Amazon (NASDAQ:AMZN), in response to a recent formal challenge from the Teamsters Union, has added its name to the increasing list of businesses enhancing perks and pay to appease workers.
First, the business introduced Next Mile, a new academic initiative for delivery drivers that will give them up to $5,250 annually to use for higher education, including bachelor’s and associate degrees, certifications, and high school graduation. The Seattle-based corporation also disclosed that it has expanded its delivery service partners’ (DSPs’) 401(k) plan and “is providing DSPs with an anticipated $60M over the first year to help these small business owners match employee contributions.”
Parisa Sadrzadeh, Vice President of Amazon’s Worldwide Delivery Service Partner Program, said that since the DSP program’s start four years ago, small businesses all around the world have produced more than $26 billion in revenue for their businesses. “We will continue to develop with them and leverage our economies of scale and resources to assist them in giving best-in-class products to their employees. We couldn’t have done that without DSPs and their outstanding teams.”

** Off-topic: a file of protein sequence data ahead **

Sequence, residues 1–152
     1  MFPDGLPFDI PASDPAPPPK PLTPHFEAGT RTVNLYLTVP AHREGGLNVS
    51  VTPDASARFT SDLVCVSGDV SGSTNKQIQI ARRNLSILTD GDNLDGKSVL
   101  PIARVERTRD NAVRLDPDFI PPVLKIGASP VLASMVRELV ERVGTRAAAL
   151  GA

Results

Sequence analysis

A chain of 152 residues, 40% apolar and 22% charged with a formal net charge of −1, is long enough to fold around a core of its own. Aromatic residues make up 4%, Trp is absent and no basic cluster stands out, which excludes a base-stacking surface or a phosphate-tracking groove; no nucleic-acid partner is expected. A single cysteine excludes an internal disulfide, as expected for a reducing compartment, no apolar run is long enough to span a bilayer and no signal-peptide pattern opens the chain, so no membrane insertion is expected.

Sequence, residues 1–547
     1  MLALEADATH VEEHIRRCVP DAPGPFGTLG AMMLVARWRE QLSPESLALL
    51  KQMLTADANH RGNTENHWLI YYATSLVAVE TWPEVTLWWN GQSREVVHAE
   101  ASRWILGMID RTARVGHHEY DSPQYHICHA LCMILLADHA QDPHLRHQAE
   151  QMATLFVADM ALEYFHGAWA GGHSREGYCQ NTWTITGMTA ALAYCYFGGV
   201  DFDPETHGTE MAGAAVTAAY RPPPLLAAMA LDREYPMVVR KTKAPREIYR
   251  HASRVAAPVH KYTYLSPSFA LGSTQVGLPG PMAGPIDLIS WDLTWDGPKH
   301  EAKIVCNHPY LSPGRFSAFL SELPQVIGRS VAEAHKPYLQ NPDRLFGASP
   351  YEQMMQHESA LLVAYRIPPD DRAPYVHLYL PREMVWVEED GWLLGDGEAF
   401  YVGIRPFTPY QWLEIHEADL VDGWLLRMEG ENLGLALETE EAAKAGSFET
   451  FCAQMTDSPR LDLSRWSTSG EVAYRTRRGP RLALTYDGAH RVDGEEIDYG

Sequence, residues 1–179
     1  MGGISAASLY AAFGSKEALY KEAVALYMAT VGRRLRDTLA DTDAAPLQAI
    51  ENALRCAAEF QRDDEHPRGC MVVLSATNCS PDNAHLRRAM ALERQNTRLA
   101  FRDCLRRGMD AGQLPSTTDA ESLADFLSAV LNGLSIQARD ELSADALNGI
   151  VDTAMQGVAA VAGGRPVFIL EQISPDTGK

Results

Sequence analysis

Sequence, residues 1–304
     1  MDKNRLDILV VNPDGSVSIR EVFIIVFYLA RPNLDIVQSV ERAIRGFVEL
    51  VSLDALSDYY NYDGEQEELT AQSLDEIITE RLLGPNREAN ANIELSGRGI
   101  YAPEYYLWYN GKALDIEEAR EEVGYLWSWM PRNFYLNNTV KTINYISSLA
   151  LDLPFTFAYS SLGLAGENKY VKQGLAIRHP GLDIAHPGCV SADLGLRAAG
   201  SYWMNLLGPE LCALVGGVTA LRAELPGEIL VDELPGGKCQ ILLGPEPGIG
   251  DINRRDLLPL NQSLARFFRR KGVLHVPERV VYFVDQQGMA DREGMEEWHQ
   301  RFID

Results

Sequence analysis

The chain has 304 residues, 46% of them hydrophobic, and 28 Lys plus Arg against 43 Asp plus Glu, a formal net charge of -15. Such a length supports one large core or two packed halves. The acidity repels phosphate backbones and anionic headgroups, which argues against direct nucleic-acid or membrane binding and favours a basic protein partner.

Delivery partners explicitly mentioned the 401(k) scheme as a benefit they clamored for. More than 70% of DSP drivers surveyed, according to Amazon, referred to retirement savings as an “essential perk”.
A rate rise was also announced by Amazon (AMZN), which will enable DSPs to “provide competitive pay to their drivers” in addition to the additional benefits. Over the course of the following year, an estimated $450 million will be invested in additional benefits and rate hikes.
Amazon stock price
Inflation would be the defining characteristic of 2022 if there were just one. Investors and consumers alike have been on the lookout for indications that rising prices will finally slow down. In light of this, Amazon’s shares fell by as much as 6%.
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